Google and Facebook are set to testify Tuesday and Wednesday during hearings before lawmakers to which they have donated thousands of dollars.
Two of the most massive companies in the world, Facebook and Google often use their overflowing coffers to influence public officials. But congressional investigators are concerned that Russian firms with potential connections to the Kremlin have been trying to harness, perhaps manipulate, the features and inherent makeup of the tech companies’ platforms to influence the American electorate. Google and Facebook’s general counsel, along with Twitter’s, are expected to provide testimony Tuesday to the Senate Judiciary Committee, as well as the Senate Select Committee on Intelligence (SSCI) and House Permanent Select Committee on Intelligence Wednesday.
Google and its workers have donated to 52 out of the 55 legislators who sit on at least one of those three committees, according to data from Center for Responsive Politics. Facebook, along with its employees, made financial contributions to 40 of the aforementioned committee members. This data was first reported on by Politico.
For the most part, despite some exceptions, the donations were fairly split among party affiliation — a growing trend as both sides of the aisle are finding underlying, albeit sometimes different, faults with the tech giants. An immigration reform group led by some of the biggest names in the tech industry, like Facebook CEO Mark Zuckerberg, donated $5,000 to the Trump administration’s transition team, even after it vehemently opposed the then-presidential candidate’s immigration proposals. Google, whose leader is an unabashed Democrat and avid fan of former Secretary of State Hillary Clinton, gave $285,000 to President Donald Trump’s inauguration.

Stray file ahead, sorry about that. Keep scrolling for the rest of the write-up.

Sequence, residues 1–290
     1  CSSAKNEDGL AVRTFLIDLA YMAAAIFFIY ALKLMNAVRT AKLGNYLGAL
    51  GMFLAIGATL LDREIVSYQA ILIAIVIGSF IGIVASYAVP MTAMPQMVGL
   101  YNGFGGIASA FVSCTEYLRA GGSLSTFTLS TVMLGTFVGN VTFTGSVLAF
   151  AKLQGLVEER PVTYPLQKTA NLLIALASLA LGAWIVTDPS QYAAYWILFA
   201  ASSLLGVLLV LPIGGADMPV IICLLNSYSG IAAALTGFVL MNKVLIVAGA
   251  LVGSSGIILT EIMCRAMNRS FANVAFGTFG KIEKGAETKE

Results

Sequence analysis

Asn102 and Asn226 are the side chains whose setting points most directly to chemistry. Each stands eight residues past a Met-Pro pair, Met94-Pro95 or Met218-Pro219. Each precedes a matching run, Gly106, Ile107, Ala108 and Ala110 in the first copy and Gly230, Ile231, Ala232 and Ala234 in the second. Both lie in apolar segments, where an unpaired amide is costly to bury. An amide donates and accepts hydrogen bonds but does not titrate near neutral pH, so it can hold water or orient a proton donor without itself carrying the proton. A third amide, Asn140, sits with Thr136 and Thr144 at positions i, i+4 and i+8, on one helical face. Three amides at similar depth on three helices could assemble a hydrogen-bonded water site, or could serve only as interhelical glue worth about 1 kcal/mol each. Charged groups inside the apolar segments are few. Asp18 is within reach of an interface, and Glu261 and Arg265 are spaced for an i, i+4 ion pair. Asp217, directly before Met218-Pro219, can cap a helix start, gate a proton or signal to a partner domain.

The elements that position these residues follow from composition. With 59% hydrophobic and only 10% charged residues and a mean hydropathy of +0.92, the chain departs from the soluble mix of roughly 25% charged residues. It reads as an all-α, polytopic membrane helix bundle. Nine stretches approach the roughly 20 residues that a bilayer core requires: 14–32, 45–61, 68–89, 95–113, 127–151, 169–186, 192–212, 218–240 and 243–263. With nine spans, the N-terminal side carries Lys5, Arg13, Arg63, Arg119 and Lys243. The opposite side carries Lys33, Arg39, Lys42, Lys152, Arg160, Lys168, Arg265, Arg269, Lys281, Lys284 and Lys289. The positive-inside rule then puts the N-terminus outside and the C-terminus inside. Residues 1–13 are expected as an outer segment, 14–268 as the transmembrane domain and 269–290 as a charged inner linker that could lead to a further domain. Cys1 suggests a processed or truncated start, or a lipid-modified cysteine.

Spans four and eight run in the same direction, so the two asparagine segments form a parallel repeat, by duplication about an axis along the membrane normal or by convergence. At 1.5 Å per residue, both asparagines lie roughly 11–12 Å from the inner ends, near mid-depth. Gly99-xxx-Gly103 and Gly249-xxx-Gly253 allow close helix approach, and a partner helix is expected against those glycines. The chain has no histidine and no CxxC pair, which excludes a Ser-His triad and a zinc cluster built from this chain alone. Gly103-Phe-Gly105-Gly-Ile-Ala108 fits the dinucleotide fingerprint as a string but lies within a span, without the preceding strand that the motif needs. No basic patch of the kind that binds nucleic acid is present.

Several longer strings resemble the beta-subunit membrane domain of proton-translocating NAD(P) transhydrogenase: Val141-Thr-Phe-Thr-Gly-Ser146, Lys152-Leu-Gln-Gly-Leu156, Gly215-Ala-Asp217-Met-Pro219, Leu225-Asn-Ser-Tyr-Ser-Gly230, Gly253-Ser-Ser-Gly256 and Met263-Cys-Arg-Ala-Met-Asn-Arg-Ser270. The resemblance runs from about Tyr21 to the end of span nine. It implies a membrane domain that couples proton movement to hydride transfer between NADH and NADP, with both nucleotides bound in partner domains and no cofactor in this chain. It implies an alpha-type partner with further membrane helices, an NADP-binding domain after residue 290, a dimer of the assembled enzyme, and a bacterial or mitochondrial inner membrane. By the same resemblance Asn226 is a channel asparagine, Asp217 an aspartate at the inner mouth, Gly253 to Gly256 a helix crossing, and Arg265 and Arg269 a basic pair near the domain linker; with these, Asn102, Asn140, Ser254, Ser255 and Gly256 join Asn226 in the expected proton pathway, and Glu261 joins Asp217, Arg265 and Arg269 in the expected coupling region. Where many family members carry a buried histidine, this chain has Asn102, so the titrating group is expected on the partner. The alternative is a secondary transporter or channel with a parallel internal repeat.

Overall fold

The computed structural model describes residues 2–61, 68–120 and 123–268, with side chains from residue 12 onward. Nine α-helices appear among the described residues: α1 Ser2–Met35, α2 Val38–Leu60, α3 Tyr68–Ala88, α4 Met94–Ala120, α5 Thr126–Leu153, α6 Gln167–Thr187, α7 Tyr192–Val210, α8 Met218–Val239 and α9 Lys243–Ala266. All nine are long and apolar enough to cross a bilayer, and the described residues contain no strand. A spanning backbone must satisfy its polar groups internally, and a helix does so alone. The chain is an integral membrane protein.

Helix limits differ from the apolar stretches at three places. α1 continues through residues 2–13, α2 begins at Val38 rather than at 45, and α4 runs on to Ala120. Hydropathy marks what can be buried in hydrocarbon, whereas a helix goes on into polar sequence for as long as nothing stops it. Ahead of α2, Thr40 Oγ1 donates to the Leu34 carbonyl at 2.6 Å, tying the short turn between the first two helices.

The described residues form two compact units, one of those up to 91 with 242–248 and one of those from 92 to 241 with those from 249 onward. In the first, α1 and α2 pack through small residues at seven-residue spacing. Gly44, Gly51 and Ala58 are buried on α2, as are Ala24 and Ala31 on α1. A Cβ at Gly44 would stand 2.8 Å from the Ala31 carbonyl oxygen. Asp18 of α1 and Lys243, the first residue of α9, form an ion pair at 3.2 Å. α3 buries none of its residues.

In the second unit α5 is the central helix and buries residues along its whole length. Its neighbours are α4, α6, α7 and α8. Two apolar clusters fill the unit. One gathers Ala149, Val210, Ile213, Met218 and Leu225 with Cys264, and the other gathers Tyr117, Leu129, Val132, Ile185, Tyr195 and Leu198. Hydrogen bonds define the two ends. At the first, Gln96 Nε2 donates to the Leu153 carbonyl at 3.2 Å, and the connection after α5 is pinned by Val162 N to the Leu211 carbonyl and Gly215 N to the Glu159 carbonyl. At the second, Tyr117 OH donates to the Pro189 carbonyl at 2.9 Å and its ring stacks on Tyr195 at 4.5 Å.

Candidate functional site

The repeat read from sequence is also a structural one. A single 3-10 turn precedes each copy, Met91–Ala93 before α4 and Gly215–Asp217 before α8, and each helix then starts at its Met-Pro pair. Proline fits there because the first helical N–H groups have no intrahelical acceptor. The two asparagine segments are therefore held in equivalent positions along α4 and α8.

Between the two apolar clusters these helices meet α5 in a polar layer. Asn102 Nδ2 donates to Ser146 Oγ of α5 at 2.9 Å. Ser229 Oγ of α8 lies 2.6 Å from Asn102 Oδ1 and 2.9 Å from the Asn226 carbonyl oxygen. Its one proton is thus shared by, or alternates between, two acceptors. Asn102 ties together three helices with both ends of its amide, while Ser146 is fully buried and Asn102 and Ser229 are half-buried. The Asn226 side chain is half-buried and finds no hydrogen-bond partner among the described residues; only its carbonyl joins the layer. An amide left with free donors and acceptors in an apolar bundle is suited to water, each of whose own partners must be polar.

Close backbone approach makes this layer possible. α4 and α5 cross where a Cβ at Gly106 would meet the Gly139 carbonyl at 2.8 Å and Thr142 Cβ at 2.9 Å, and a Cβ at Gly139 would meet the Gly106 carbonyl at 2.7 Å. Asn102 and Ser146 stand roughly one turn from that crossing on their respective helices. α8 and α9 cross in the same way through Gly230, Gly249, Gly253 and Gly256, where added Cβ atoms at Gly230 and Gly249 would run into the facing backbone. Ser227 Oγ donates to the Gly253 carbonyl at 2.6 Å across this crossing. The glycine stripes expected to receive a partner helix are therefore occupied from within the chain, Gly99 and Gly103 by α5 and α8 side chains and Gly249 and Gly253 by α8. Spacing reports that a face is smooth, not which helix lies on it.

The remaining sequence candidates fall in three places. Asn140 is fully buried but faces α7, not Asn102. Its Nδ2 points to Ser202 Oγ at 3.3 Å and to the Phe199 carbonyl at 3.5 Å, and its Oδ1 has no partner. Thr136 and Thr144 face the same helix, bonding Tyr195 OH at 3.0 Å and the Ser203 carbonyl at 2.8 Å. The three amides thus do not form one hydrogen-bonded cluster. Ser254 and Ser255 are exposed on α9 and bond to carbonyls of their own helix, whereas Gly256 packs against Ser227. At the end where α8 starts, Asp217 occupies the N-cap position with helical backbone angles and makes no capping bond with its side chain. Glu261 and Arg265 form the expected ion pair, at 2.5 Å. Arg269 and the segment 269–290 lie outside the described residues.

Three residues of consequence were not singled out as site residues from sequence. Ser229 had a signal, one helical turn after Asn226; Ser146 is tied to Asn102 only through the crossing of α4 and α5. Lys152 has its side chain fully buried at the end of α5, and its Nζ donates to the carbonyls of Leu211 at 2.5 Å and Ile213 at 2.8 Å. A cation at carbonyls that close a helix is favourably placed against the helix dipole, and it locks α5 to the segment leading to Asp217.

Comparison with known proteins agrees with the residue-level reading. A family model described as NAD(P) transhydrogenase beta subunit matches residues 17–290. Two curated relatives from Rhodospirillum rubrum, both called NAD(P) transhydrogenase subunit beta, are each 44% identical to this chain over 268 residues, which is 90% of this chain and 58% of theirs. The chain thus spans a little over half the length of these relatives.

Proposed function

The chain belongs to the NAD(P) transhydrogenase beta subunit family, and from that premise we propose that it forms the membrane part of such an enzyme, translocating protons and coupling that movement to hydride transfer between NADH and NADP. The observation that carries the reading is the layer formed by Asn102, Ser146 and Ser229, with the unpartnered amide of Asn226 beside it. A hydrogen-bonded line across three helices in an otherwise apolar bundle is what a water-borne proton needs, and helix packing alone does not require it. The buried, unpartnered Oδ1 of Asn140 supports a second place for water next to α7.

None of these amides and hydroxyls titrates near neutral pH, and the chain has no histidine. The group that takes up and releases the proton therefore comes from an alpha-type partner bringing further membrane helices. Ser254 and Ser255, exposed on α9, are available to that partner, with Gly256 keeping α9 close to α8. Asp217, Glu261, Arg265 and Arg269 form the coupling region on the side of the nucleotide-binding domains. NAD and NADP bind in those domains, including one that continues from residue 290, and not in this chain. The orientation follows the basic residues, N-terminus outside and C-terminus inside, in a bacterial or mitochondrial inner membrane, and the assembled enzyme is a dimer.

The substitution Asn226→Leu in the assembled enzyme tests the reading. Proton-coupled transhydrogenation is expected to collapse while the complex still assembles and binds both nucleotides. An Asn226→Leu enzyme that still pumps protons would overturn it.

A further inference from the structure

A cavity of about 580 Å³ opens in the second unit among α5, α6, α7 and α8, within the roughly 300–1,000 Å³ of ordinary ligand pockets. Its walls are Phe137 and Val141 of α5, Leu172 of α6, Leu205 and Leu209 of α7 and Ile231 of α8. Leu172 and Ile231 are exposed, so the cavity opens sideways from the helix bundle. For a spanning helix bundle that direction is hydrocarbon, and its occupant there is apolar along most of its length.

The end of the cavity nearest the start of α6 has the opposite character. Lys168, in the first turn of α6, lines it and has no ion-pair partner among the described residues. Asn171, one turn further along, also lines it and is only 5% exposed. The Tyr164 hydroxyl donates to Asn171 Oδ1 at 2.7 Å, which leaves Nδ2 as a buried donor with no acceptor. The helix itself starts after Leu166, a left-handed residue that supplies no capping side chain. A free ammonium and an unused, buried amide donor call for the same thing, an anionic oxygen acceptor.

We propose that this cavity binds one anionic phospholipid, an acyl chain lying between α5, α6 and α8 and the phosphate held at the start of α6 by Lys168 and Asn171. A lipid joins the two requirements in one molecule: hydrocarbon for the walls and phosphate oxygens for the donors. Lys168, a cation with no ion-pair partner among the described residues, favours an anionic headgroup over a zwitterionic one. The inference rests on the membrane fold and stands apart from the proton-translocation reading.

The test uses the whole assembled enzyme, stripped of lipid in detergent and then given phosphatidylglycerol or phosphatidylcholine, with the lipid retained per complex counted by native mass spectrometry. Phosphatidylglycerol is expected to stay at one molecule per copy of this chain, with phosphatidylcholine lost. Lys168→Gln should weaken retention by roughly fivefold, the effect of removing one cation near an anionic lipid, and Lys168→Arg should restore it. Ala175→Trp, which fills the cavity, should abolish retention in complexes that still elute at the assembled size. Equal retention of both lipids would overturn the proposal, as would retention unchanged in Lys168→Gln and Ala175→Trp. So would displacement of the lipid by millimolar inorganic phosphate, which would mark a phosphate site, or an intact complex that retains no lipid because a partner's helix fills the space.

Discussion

But just because these corporations play both ends against the middle doesn’t mean the lawmakers won’t grill the executives during questioning. In fact, the hearings will be an opportunity for the congressmen to show that they aren’t beholden to donors — no matter how powerful or affluent — so congenial inquiries may actually turn into testy interrogation. (RELATED: Report: Facebook’s Election Team Gave Advertisers A Breakdown On America’s Ideologies)
Democratic Sen. Ron Wyden of Oregon, who often champions the tech industry, has raised the most money from Twitter, Google and Facebook, with $124,625 in total. Wyden, though, is not so much changing his tune, but rather growing increasingly skeptical that these companies are growing way too big and may need to be regulated. He recently cosigned a letter with a plethora of other Democrats asking the Federal Election Commission to devise new rules to prevent foreign groups from purchasing online political ads.
“Sen. Wyden has long stood for the principle that digital innovation, at its inception, could best flourish free of invasive regulations mean to benefit established special interests,” Keith Chu, a spokesman for Wyden, told Politico. “Today, however, it is clear the major digital platforms have a unique, urgent duty to police their platforms against misuses by actors hostile to U.S. interests, or attacks against core American values.”
A national security stalwart, Republican Sen. Marco Rubio of Florida raised more than $98,000 from the tech firms. It is likely he will take much of his allotted time to press the tech companies’ attorneys on what can possibly be done to not only abate foreign governments from exploiting platforms intended to be open to everyone, but to discuss terrorists’ use of social media — a topic that is also on the agenda.
Twitter declined to provide comment.
Google and Facebook did not respond to The Daily Caller News Foundation’s request for comment by time of publication.
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